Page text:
Next time I make the spread, I’ll use one large clove of garlic. That should do the trick. And perhaps I’ll add a bit of onion and fresh oregano as Josephine does for her squares.
Oh my but this combination is good!
Spinach, Baby Artichoke, Goat Cheese Spread
based on Tanna’s spinach/artichoke dip and Josephine’s artichoke asiago squares
(I was just sort of winging it with the measurements so you may have to play with them)
- ⅓ bunch of spinach leaves, washed, salted and squeezed dry (one handful when squeezed)
- plain yogurt (1 Tbsp??), we use 3.2% MF
- 70gm goat cheese, the creamy kind sold in tubes; ours is 20%MF 59%moisture
- Ilha branca cheese, grated (¼ c??)*
- 1 clove garlic, chopped
- 2 baby artichokes, trimmed and steamed
- splash lemon juice (½ tsp??)
- splash olive oil (½ Tbsp??)
- Wash the spinach well. Put washed spinach into a colander. Sprinkle with 1½ Tbsp salt. Toss to mix and set aside to drain for 20 minutes.**
- Squeeze out the spinach with your hands til it is quite dry. Discard juice. Let the spinach rest in colander for a few more minutes. Squeeze again. Do this 3 or 4 times in total. (The spinach may look like you’ve destroyed it.) On the 4th time, rinse the spinach well in cold water to get rid of all the extra salt. Squeeze out all the water. Taste to be sure there’s no excessive salt. Set aside.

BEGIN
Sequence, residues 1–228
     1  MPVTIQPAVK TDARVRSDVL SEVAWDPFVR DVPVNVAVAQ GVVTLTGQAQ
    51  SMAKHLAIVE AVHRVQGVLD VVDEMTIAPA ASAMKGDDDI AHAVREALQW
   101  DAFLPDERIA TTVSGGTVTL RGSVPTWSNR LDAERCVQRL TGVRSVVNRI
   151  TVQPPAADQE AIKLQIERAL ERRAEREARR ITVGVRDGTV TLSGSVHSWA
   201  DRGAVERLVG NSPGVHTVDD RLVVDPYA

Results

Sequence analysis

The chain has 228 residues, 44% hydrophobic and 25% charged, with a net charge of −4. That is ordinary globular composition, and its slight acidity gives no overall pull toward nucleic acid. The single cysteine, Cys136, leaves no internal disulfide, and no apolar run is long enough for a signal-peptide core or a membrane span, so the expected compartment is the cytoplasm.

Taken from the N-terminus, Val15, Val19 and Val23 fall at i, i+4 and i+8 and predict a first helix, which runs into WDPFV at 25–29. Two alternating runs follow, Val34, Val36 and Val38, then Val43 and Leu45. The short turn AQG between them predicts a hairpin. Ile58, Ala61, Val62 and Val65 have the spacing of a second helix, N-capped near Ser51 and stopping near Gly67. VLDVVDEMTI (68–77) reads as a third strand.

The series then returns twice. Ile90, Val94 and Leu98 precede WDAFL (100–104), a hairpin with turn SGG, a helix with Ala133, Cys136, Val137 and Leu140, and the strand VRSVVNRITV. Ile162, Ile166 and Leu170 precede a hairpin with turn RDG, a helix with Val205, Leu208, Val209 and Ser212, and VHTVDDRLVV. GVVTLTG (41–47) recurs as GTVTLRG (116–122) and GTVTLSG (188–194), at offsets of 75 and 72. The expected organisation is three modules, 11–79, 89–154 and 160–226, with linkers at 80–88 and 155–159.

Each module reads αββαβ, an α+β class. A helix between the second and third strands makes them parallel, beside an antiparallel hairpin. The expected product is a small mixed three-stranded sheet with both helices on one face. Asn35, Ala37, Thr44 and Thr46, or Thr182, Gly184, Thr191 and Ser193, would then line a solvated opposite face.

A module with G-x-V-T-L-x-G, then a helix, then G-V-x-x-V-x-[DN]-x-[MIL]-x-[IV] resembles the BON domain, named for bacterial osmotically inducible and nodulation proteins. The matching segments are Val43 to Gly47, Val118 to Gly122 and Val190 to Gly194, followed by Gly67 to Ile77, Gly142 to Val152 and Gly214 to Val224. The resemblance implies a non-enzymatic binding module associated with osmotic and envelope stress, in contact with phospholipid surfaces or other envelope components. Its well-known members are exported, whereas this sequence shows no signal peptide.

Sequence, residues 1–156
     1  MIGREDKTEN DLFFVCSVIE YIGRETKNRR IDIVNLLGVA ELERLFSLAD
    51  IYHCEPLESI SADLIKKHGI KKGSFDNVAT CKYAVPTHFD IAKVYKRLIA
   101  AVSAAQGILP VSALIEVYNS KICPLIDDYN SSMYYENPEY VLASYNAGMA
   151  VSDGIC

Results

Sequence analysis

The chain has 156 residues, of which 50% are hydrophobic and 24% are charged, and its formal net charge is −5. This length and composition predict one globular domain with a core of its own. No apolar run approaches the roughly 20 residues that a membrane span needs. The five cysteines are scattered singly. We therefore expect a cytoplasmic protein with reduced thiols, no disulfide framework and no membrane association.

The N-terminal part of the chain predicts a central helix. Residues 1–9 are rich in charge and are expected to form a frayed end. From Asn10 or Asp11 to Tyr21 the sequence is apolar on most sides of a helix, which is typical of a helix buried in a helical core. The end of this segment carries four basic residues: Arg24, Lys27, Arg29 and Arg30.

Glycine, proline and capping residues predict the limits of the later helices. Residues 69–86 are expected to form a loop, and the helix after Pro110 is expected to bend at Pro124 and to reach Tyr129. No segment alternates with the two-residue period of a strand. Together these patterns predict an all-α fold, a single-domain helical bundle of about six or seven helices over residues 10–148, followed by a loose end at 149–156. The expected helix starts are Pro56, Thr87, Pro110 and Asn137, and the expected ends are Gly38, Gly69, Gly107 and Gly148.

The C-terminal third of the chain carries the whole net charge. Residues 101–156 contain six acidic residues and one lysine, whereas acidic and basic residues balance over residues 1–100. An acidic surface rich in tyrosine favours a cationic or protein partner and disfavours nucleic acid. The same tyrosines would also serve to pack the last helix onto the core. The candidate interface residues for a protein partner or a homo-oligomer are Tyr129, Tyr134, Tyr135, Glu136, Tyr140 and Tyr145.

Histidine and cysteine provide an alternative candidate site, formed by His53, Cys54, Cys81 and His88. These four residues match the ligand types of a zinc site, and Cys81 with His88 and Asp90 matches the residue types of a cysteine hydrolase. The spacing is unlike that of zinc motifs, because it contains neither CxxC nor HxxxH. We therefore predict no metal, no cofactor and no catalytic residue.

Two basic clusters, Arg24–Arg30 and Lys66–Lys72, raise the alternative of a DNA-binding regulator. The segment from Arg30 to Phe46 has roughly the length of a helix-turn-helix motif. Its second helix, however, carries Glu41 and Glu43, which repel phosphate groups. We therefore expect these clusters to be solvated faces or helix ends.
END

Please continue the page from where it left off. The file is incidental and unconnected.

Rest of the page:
- Cut the tips off of the baby artichokes. Peel the stems and pull off any discoloured leaves.
- Steam the artichokes for about 10 minutes til the stem area is fork tender.*** Drain and set aside.
- Peel away leaves until you get to ones that are completely tender all the way through. (Reserve the peeled leaves! ****)
- Chop spinach, artichoke hearts and garlic relatively finely – you can use a food processor but that makes everything uniform – I like having some pieces larger than others.
- Stir in cheeses and yoghurt and put the mixture into a small pyrex casserole dish. Bake at 350F for about 10 minutes (til you can smell that the garlic is cooked).
Serve with pita triangles as a party food or with falafel for dinner.Notes